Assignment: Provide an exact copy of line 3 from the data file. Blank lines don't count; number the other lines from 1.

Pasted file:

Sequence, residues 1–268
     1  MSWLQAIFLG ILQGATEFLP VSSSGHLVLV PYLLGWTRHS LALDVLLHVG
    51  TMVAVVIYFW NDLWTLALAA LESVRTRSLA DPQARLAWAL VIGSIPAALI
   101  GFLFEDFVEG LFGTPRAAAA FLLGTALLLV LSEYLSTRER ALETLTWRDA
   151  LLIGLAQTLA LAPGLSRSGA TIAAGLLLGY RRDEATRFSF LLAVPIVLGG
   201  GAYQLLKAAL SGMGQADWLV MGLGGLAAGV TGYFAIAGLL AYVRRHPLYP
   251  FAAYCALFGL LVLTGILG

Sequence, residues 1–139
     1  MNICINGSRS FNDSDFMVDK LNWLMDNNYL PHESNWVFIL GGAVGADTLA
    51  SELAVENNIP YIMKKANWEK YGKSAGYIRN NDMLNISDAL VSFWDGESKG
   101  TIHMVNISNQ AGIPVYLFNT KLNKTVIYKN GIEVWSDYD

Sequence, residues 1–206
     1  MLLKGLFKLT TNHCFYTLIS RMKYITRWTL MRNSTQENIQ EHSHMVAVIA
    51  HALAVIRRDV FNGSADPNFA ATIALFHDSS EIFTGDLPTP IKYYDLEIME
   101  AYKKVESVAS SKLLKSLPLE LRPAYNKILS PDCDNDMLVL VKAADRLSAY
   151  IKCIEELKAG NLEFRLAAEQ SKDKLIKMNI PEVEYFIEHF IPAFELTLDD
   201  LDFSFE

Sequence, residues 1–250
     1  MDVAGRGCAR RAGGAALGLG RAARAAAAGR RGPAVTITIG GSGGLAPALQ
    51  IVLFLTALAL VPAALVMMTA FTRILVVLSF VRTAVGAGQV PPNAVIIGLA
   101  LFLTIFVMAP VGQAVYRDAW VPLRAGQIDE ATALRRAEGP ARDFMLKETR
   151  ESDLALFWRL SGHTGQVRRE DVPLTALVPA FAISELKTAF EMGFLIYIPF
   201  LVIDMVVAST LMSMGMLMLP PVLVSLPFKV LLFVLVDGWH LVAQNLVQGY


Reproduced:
    51  TMVAVVIYFW NDLWTLALAA LESVRTRSLA DPQARLAWAL VIGSIPAALI